He’s held liable for the lack of responsibility and for the mismanaging of the program. He’d made a mistake in not dismissing Rice, an awful decision by someone who’s in a position of power and had too much influence on the university. Pernetti will likely keep his job, over Rice, but after giving the man a chance and believing he could build a program, he warrants a dismissal, appropriately and justly. There’s a lot of disingenuousness, a lot of fallacies that have tarnished the university with a growing scandal from a videotape, obtained by a worldwide sports network and revealed to the world. Feeling perturbed and shaken, Rice unquestionably would still be coaching Rutgers today.
It amazes me that Rice was slapped on the wrist and that no university official, not one, policed Rutgers. It bothers me that the only disciplinary action was a suspension and fine, but it should surprise no one that Rice, when considering he has anger-management issues, fired basketballs at his players, scolded them and launched into profanity-laced tirades at practices. The hell for Pernetti worsened by admittedly acknowledging that he was so meticulous and that he watched the entire videotape. It was that moment when Pernetti, seemingly after watching the disturbing footage, heard vulgar epithets and anti-gay slurs. It was that moment when he saw pushing and shoving, kicking and grabbing, but did nothing about it.
It’s becoming more transparent that Barchi may not be telling the truth, but was certainly more concerned with reducing the devastation, just as Pernetti tried to do the same. If you believe Pernetti, he claims he informed Barchi about the video and said he saw it four months ago. If you believe Barchi, he said he’s never seen a video. Someone is lying. Someone is not being truthful. The truth is that Pernetti and Barchi panicked when this story went national, finally realizing the seriousness of the damning footage leaked out for the world to see it. The lunacy of the scandal is actually about what Barchi knows about the videotape, denying knowledge of it when he’s the president of the institution but apparently knows nothing about video evidence. As the public outcry generates a controversy, for all of the talk of the Rutgers scandal, Barchi will take as much of the blame as Pernetti.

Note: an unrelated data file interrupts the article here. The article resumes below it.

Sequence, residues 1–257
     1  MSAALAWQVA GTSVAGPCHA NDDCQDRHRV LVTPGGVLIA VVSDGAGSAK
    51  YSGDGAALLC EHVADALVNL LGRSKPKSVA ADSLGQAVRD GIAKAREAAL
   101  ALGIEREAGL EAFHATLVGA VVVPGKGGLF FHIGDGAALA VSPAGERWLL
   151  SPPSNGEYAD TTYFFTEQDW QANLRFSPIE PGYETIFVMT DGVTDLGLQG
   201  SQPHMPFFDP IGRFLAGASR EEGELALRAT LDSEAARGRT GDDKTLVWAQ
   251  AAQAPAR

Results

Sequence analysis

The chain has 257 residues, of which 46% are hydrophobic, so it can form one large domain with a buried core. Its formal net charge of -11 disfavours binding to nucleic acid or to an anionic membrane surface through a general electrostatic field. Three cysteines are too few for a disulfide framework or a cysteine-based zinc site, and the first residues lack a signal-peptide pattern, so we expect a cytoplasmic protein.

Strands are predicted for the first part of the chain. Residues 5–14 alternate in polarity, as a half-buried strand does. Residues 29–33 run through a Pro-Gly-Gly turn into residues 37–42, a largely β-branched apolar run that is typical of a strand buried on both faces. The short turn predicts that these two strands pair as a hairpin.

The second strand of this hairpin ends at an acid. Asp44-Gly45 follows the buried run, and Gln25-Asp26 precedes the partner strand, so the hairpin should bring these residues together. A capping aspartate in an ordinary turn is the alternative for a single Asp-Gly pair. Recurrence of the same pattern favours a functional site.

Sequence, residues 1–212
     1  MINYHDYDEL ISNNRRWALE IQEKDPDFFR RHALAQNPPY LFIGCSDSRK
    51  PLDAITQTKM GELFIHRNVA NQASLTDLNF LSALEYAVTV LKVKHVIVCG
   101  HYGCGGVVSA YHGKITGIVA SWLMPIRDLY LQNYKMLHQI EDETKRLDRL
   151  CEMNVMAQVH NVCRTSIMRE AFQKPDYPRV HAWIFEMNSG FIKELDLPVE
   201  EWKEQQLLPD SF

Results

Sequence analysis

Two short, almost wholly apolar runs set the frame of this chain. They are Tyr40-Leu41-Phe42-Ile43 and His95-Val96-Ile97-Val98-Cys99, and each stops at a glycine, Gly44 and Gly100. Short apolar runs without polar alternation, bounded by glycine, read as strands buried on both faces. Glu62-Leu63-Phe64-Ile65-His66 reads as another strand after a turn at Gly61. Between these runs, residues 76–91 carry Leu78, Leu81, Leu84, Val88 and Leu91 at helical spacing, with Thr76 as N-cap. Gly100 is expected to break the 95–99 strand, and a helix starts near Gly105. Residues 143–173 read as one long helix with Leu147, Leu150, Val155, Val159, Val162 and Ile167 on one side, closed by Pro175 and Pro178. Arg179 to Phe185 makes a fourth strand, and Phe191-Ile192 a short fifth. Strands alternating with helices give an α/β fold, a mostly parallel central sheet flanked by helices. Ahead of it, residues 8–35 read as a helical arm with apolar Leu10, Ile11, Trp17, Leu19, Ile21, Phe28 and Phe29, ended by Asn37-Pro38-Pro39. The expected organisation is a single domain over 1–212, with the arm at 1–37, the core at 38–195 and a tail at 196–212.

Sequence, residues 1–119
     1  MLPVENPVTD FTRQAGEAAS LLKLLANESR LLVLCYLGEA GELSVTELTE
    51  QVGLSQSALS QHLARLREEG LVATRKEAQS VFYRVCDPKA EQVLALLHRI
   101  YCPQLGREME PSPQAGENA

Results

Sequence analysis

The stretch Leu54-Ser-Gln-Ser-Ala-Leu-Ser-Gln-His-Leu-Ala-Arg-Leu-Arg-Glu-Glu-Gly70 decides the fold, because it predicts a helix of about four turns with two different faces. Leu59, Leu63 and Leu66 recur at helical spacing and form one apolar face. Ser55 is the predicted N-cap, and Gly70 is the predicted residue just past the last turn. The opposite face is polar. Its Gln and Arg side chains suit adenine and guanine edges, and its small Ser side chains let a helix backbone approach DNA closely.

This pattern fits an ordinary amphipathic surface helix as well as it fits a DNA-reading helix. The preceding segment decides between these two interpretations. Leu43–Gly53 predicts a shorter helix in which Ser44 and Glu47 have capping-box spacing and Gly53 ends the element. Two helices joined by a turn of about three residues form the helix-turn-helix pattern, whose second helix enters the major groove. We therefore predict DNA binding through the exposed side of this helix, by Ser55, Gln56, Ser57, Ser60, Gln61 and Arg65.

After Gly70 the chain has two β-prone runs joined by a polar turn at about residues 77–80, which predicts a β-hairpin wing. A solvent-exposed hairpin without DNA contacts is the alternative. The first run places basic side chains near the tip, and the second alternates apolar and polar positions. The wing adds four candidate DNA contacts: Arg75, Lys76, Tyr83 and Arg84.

The outrage at Rutgers was unacceptable and inexcusable, mostly despicable and downright embarrassing, an issue that could be affecting more schools. So now people realize the president might be the bigger problem for his failure to gain knowledge of what was happening on his campus to athletes and students, and for covering up the mistreatment of players. The first thing that comes to mind, with reference to a crushing sports scandal, is the Penn State sex abuse scandal — which is far more sickening than a coach throwing basketballs at kids’ heads and groins. The president and athletic director have learned nothing from Penn State. Whatever decisions the university will make Rutgers better make them fast and should not be hesitant about firing Pernetti for not doing the right thing.
This isn’t Penn State. And Rice is not Jerry Sandusky.
Rice is not Bobby Knight, either
Because, well, Knight, despite his behavior issues, won three national championships at Indiana. For Rice, he’s won zero national championships and lost more than he’s won games at Rutgers. By the way, Knight has 902 career wins when Rice has only won 44 of 95 games as the school’s coach. So Rutgers really won’t miss him.
The awful thing about it, for all concerned, is that he crossed the line. If he ever coaches again, it won’t be for at least a couple of seasons. If he never coaches again, it won’t be surprising but Knight ended up coaching at Texas Tech. There’s no excuse for Rice’s actions, no way a sane person defends Pernetti’s inaction. First and foremost, by employing Rice as long as he did, it justified the right that it was fine to physically and verbally abuse student athletes.
It turns out Rice’s behavior was just as bad as his losing record and evil-minded personality. And by definition, he was a loser and had to go. With Rice around, Rutgers would not have won games or gain national regard, and might not even win with an imprudent athletic director still around.
The coach is gone, but what about the AD and president?
For those who fathom the seriousness behind this, they know it is time to clean house at Rutgers.